Ladies and gentlemen, hundreds of tried and true drunks felt a quake in their bar flight patterns last Sunday night.
It’s been talked about.
It’s been rumored.
But after the untimely death of owner/proprietor Rocky Grecco, the day finally came that closed the doors of two of the last great and true dive bars Williamsburg, Brooklyn will ever see again.
Sure, there’s 89 (and growing) bars in the local Williamsburg area you can order a 12 dollar cocktail that has something infused in it over a zinc bar bathed in a yellow ole-timey glow reflecting off frosted mirrors. It will take forever to actually get your drink (anything that has ‘artisan’ involved will always cost more and take a helluva long time to get to your lips) and when it is served to you by the anorexic, mustached, suspender wearing dude with no social skills, you will feel a slight ache in your stomach when you hear other patrons in the bar asking questions regarding ‘refreshing’ options and whether or not the ice is shaved or cubed.
This neighborhood, much like many others in America (Silver Lake, Fullerton, Austin, Ashville, Portland, etc, etc) has now fallen into some kind of couture culture for alcohol as much as it has for every other good, simple thing (BBQ, ‘specialty’ pizza, the hot dog) and some even say we here in the Burg started this nullifying trend. What we’re seeing is bourgeois sensibilities creeping into everything that once stood for solid entertainments.
Even bowling got fancy in the last six years.
Two of the last great heads were severed with the shuttering of The Subway Bar and Cyn Lounge, two staples in my crews bar crawl repertoire.
Tears were shed.
A great shift had occurred.
As everyone who knows my predilections for dangerous, dark, ultimately friendly bars where I can be left alone and write in peace, these two spots, due to their suicide vibe, amazingly charming bartender ladies, and the lawless free falls on random Tuesday afternoons took the crown.
There’s other bars around that attempt to match the magic: The Levee Bar, The Wreck Room out in Bushwick, the twin sisters International Bar and Coal Yard on the isle of Manhattan. But none of these could hold a candle to the Queen of all Dives: The Subway Bar.
In the future I will start a little column of bonus adventures called The Subway Series but today I will refrain. Like any great human being, it’s best to keep quiet until the wake is over. Speak in hushed tones. Wear black.
When I worked for the shotty, horridly run Macri Park, I would get a flow of regulars come around the corner of Union Ave, wide-eyed, rummy red face, shaking their head, explaining over a Bud Light:
“I can’t hang out at Subway anymore. I’m going crazy over there slowly,” they would explain before I had ever set foot in there many years ago.
People have said: “Subway Bar is where good dreams go to die.”
I was immediately intrigued.
One lucky afternoon I breached the threshold, notepad and pen clutched in hand. Immediately the smell of smoke permeated the place.
Hints of marijuana.
Strange dark eyes, like animals in the woods, gleamed up at me in the darkness. But no one said anything. The bartender came over, a pretty girl with a foul mouth, and asked if I wanted a ‘special’.
Shot and a beer.
I consumed my liquor quietly, scribbling away in my notepad. As most new places I explore, I don’t say much at first (a feat most people who know me consider plain impossible), I just write, observe, make analysis.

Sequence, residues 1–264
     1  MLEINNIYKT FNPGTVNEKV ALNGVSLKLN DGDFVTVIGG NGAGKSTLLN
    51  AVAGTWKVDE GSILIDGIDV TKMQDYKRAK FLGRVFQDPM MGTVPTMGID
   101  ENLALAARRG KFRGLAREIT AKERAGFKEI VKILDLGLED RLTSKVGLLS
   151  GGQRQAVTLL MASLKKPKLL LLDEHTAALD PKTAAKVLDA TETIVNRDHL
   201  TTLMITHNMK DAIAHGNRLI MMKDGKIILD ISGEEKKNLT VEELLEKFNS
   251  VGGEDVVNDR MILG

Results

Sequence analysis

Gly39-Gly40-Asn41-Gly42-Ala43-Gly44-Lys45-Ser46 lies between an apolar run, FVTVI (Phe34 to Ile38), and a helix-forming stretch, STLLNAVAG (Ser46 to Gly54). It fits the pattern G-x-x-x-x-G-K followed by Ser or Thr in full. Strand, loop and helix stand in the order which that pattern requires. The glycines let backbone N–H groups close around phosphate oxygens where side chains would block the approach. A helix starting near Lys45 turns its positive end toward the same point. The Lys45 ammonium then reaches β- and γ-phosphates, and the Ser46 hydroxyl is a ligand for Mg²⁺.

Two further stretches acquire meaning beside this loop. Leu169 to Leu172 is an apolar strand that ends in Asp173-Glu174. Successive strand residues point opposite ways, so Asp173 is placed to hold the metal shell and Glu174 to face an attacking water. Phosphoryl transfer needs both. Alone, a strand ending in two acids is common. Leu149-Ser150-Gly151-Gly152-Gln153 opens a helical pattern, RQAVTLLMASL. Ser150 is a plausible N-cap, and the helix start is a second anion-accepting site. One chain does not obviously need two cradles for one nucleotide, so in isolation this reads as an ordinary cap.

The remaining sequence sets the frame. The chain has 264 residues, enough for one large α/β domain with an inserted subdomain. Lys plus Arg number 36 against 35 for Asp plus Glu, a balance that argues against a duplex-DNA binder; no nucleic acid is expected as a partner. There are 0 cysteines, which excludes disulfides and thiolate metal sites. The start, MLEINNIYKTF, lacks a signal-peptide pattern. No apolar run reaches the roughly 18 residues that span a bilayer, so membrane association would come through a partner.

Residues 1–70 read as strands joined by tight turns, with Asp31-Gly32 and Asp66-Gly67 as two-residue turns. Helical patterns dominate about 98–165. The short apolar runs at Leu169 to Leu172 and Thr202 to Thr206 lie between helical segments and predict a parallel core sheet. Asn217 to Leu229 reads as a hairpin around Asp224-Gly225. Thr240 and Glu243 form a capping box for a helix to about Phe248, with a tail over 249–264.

But I couldn’t stay quiet long. Engaged by the consummate conversationalists and easy on the eyes ladies Rocky always hired, I found some of the best friends and associates I would ever mingle with. We may all have come from different backgrounds, different races, different religions and monetary statuses, but we all shared one important thing.
We weren’t welcome other places—our types.
We were the outlaws, saddling up to the trough, the outsiders who felt strange when they sat down in a clean, well-lighted place. These people did not want a cocktail, they wanted a fucking PBR and a shot of Carstairs (don’t worry about it…) sitting pretty in the valley of the shadow of death.
I’ve written hundreds of pages of fiction in The Subway Bar (including some of these blogs). I wrote the second act to my first play at Cyn Lounge, right after it was ‘remodeled’ from Rain Lounge in the early 00’s.
I’ve met the Raven Haired Beauty (remember her?) looking like a million bucks in a tight red mini-skirt some Monday night at Subway arguing about Celine, and I also remember wiping blood off my sleeve from the bar after a couple of scuffles that went south.
I’ve seen that steel bat get brandished several times, never in my direction, and bought weeping grown men another shot. I’ve fallen in love and I’ve argued with countless women there, I’ve poured beer on myself, scripts, and other people within its halls, christening us all together in some alcoholic baptism.
Yes, in life, we can be careful. Yes, in life, we can be practical, but never do you know what color blood really is until you open a vein, and these places were open wounds.
Anyone who complained about Subway Bar I could never date.
Anyone who judged the fallen and broken people actively walking a plank crushed by a cruel world, I would never associate with.
And last Sunday, I sat there, Missy bartending the last Subway Bar shift, and heard the fateful words: “Last Call!”
I raised myself from up from my stool, screamed aloud a guttural howl to the rest of the rabble-rousers immersed in smoke. We all stood and cheered like animals to last call in the last great dive bar in Williamsburg.
Goodbye Subway and Cyn, you will be missed by the worse of us.
Your feral cheerleaders in the game that never ends.
Yep. 359 am October 8th, 2012.
Cheers to you.
Sincerely, The Help